When her church, Awake Christian Reformed Church in Seattle, Wash., offered an art class exploring fear and humanity, Megin was skeptical. She was unsure how she could use painting to express her true self. But for Megin, the art class “The Day We Were Afraid,” taught by Jackie Moulton, is a place to discover who she is and how her life is navigated by fear.
Art class participants work on their self portraits.
“Now I look forward to it every week. It has given me a sense of confidence,” she said.
Twenty-two people representing a diversity of cultural and socioeconomic backgrounds began meeting in mid-June at Aurora Commons, a hospitality center run by members of Awake Church. For eight weeks participants work on self-portraits using acrylic paints while talking about fear.
Karen Cirulli, director of community life at Aurora Commons, said, “[Jackie Moulton] is not teaching us how to paint. It is more about how we are choosing to express it. I feel more vulnerable and a challenge to explore who I am.”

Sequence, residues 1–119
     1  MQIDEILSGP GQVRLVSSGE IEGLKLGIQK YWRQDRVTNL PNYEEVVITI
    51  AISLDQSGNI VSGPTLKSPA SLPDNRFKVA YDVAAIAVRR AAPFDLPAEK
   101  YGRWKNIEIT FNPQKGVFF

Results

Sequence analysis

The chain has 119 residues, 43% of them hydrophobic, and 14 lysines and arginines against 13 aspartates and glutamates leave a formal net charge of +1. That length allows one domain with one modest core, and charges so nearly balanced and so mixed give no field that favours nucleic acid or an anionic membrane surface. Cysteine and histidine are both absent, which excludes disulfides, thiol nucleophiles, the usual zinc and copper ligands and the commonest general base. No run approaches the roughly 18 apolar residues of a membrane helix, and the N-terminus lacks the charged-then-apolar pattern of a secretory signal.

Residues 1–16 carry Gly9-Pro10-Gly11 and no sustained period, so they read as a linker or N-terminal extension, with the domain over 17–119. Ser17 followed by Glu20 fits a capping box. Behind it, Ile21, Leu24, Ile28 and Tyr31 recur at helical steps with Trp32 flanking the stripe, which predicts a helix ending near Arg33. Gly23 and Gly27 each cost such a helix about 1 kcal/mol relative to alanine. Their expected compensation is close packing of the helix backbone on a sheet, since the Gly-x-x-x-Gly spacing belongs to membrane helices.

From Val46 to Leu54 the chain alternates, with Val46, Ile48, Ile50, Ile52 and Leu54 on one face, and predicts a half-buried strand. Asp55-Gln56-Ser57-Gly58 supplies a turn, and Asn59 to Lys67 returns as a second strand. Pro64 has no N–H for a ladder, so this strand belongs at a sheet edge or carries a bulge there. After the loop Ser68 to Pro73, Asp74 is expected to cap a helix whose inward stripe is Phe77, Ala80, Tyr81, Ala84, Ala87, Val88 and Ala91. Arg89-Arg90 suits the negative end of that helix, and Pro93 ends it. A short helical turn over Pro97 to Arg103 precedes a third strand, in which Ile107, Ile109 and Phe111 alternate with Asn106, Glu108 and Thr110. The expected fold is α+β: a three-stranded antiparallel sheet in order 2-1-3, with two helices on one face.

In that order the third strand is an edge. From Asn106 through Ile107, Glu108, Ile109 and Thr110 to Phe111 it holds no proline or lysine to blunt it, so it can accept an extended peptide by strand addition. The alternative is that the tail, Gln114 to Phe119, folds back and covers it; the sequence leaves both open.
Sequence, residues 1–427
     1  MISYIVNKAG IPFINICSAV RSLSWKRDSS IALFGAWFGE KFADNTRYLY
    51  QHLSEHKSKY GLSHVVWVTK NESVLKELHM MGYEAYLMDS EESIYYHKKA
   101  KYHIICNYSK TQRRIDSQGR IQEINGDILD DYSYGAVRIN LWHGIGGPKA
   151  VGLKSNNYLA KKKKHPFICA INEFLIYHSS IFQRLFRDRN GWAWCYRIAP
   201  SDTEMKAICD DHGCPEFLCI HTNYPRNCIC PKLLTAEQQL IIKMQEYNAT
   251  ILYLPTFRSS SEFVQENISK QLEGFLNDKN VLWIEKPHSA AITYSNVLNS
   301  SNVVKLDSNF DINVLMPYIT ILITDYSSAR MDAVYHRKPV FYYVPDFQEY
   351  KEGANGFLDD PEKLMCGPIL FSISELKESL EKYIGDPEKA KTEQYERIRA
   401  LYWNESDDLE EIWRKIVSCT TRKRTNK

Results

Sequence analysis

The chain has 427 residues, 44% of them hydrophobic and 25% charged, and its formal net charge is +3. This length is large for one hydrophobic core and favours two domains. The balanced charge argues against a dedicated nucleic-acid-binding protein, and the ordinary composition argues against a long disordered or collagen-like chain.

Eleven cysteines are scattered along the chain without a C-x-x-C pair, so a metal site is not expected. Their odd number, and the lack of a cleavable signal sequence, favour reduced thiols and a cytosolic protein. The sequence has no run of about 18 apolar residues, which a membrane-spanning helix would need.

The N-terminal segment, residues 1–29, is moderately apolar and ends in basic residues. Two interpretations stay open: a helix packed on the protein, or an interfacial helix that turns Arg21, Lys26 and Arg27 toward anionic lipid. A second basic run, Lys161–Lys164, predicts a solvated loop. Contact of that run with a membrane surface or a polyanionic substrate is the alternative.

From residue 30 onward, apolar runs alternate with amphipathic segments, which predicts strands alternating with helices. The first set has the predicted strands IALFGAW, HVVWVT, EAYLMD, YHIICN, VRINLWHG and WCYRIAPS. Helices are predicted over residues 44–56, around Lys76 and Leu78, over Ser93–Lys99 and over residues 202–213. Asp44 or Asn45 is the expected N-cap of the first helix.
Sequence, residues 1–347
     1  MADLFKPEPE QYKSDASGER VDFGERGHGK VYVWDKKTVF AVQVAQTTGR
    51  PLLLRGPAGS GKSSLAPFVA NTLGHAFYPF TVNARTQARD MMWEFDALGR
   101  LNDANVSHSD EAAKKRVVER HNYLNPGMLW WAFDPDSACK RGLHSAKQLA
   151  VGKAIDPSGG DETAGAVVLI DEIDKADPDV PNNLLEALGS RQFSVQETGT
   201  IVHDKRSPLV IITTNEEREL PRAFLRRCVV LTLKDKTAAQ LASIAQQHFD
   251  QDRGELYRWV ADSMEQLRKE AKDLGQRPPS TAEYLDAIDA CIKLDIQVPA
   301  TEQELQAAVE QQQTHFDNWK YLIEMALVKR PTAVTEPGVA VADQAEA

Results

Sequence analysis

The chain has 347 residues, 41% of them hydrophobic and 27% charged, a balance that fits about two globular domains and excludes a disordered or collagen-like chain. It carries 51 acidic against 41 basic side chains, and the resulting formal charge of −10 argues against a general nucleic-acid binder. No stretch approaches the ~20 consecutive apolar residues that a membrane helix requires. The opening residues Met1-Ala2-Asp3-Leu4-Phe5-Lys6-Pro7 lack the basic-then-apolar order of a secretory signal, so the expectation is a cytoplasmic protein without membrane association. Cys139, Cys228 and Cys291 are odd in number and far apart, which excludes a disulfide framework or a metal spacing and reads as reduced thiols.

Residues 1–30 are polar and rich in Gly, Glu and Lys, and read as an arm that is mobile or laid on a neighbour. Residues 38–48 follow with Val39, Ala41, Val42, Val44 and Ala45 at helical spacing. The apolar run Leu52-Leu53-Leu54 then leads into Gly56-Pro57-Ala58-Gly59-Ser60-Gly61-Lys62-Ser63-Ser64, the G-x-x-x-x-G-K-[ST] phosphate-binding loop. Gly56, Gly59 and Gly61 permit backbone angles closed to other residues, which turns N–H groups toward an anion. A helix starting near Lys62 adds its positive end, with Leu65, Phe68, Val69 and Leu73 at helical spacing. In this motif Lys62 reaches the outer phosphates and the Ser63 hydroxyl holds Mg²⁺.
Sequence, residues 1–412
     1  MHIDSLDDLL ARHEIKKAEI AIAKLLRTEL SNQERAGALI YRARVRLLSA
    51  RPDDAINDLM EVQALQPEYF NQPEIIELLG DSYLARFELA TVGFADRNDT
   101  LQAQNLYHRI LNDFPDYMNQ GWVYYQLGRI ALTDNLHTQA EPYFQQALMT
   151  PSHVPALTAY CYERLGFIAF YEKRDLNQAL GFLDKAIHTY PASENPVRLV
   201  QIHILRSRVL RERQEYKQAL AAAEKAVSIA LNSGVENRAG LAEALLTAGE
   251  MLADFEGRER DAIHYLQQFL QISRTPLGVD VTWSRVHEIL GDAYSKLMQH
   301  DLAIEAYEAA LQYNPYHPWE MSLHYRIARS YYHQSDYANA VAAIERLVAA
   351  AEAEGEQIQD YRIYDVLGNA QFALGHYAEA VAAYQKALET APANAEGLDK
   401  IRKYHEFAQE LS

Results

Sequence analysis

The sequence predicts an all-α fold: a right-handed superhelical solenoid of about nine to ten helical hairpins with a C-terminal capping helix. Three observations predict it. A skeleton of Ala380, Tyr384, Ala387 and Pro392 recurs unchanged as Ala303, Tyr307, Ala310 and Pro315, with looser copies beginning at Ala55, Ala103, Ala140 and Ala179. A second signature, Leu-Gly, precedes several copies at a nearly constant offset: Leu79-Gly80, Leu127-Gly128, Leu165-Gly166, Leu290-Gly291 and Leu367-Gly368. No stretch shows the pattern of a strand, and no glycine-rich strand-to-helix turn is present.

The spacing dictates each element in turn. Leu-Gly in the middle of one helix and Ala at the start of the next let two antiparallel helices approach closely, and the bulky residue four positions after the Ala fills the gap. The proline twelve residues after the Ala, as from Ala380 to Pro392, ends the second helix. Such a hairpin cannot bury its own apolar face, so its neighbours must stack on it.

Participants are also challenged to write three pages in a journal each day. The purpose of the writing exercises is to get people’s creative juices flowing. “She encourages us to think outside the box and use different objects and symbols to describe yourself,” said Cirulli.
Megin has enjoyed getting to know the variety of people in the class. “It is a small group and it’s the same people every week. I actually have started talking to people and getting to know them,” she said.
The fact that the class is free means anyone can attend, including a few who are homeless or in transition. For Cirulli, that means people who live in an affluent neighborhood can sit at the same table as someone who is sleeping in the back parking lot.
“We are teaching each other how to be in community. That is the gem in that,” she said.